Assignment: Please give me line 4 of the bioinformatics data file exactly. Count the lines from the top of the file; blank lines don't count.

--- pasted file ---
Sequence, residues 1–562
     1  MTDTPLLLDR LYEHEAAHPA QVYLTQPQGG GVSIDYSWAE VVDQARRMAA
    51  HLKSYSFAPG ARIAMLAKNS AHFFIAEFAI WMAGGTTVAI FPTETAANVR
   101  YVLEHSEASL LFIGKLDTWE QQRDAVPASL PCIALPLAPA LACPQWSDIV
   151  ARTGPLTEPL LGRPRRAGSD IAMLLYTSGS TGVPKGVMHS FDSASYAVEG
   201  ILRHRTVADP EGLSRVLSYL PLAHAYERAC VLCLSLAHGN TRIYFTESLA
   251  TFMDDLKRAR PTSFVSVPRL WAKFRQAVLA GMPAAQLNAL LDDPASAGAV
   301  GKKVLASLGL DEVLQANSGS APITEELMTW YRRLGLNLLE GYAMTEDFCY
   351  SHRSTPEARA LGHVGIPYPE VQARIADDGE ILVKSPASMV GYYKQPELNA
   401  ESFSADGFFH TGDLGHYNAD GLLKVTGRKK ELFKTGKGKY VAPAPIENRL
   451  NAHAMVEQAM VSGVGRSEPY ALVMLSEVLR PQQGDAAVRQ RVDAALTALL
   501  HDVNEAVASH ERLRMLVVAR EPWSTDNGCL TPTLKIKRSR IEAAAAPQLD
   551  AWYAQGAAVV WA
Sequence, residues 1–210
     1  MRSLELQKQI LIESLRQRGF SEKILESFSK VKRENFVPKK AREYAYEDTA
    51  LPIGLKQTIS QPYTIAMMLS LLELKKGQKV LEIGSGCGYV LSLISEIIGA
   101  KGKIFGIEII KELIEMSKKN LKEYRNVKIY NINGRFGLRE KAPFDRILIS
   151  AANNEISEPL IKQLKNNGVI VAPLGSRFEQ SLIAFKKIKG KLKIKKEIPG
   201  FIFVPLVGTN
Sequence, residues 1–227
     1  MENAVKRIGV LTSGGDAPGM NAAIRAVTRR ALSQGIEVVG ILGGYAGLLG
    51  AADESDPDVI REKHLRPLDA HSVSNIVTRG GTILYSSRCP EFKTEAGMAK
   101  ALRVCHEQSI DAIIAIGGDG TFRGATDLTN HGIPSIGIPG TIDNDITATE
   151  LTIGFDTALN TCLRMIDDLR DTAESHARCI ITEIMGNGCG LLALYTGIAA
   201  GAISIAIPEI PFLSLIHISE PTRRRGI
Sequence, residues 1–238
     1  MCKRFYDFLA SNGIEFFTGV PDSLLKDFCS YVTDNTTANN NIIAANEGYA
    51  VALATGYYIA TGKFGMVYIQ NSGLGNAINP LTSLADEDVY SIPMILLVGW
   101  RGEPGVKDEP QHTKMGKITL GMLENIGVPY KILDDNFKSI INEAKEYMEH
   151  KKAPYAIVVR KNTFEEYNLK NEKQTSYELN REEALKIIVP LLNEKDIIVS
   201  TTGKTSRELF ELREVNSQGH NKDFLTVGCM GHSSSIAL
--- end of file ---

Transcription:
   101  YVLEHSEASL LFIGKLDTWE QQRDAVPASL PCIALPLAPA LACPQWSDIV